More LPTVs Seek Spectrum Auction Stay

Federal court hears from third group seeking to delay March 29 start

With the FCC having just denied their spectrum auction stay request, a trio of LPTV owners not eligible for the upcoming auction have joined the parade marching to federal court asking it to delay the March 29 launch of the Spectrum auction

Those are joint petitioners Free Access & Broadcast Telemedia, LLC (FAB), Word of God Fellowship, Inc. and Mako Communications, LLC.

Actually the bidding won't begin until early May. but given that the court didn't schedule oral argument on this or other underlying challenges to the auction until early May, the parties say the FCC should not be allowed to start the auction, potentially, without them.

"Because briefing is complete and argument will be heard in eight weeks a stay of limited duration is both necessary to protect Joint Petitioners from irreparable harm and manifestly in the public interest," they told the court.

They argue that they are likely to get a favorable court ruling because the FCC's decision to exclude LPTVs from the auction stemmed largely "from the agency’s desire to clear-cut the television spectrum band, maximizing the spectrum to be sold to new licensees."

The FCC has said that adding back the LPTV's would reduce the spectrum that could be cleared for wireless, which it said was not in the public interest. But it also pointed out that Congress did not require LPTVs in the auction or protect them in the repack, so, it argues, it is on solid ground.

FAB et al. join Latina Broadcasters of Daytona Beach and Videohouse in seeking a stay of the auction. Latina would prefer the court stay the FCC's 11th hour, and it says unfair and inaccurate, decision that it was not eligible (), but absent that wants the delay.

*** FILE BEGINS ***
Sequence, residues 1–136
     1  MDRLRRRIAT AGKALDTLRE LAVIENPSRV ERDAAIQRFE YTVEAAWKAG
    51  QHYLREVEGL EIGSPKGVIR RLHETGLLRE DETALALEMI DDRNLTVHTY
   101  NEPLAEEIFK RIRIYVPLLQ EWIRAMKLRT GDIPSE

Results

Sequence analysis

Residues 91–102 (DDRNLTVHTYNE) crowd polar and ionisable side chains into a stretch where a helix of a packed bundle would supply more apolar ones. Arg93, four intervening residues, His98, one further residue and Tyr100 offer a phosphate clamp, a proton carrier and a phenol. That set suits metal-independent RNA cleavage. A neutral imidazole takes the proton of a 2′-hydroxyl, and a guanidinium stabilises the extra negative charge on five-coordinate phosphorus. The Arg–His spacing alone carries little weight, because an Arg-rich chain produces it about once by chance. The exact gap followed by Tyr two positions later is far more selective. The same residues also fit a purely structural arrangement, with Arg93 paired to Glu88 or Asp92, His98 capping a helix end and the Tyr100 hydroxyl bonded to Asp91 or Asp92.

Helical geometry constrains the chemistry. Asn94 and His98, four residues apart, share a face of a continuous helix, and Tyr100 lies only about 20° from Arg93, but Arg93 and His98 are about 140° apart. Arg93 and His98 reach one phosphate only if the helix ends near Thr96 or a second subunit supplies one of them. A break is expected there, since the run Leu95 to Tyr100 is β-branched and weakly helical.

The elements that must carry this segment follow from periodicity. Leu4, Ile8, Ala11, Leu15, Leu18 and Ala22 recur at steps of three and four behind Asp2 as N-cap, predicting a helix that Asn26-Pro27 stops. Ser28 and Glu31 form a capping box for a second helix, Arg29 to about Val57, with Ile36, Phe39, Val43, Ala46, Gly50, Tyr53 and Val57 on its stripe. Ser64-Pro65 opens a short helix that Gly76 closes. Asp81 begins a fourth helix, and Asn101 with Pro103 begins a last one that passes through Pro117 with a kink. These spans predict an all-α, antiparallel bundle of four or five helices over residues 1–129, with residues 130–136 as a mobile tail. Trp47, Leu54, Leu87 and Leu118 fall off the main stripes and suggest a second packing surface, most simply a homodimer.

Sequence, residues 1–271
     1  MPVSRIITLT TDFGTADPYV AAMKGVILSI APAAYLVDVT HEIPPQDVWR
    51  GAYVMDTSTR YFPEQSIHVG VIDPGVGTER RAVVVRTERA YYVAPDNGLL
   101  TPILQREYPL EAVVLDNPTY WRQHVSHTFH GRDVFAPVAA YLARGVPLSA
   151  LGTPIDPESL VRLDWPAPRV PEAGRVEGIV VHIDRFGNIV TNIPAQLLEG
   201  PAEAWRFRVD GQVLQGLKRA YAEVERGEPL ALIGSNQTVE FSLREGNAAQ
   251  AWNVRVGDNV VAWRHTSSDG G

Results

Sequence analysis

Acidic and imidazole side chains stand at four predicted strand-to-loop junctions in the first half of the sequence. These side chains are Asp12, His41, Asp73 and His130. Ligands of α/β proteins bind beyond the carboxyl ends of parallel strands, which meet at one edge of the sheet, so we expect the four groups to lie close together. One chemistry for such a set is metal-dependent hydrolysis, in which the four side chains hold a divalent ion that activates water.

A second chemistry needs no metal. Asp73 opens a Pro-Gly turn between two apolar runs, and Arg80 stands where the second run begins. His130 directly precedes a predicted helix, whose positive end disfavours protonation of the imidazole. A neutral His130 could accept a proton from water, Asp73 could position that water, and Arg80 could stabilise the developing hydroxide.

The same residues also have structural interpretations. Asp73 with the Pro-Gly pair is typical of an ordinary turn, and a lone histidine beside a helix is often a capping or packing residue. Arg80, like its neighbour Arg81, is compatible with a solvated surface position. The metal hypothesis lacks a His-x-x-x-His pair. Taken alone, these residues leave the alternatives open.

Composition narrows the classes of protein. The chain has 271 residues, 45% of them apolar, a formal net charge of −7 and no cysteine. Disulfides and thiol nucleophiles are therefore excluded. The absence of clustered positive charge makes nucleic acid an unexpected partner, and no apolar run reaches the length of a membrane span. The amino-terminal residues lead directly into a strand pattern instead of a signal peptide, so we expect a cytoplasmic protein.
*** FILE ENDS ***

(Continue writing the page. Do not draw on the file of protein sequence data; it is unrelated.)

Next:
They all have underlying challenges to the FCC's auction framework that the court will be hearing arguments on, but not until after March 29.

The FCC said in denying the FAB et al. stay request Thursday (March 10), as it did in denying the Latina and Videohouse requests, that they are unlikely to win their underlying cases, that not granting a stay would not irreparably harm them, and that staying the auction until their challenges were resolved would hurt the public interest.

"The beginning of the auction is now only three weeks away," the FCC said in denying the stay request. "The Court has scheduled oral argument in May and will need time after that to reach a decision. In addition to the harms described above, a stay would extend the quiet period that is now in effect for both the reverse and forward auctions,35 which limits the types of discussions that would otherwise take place between and among broadcasters and prospective forward auction bidders.36 Moreover, delaying the auction until all reviews and appeals are final would not be justified by rule or precedent and would be inconsistent with Congress’s goals in enacting the Spectrum Act."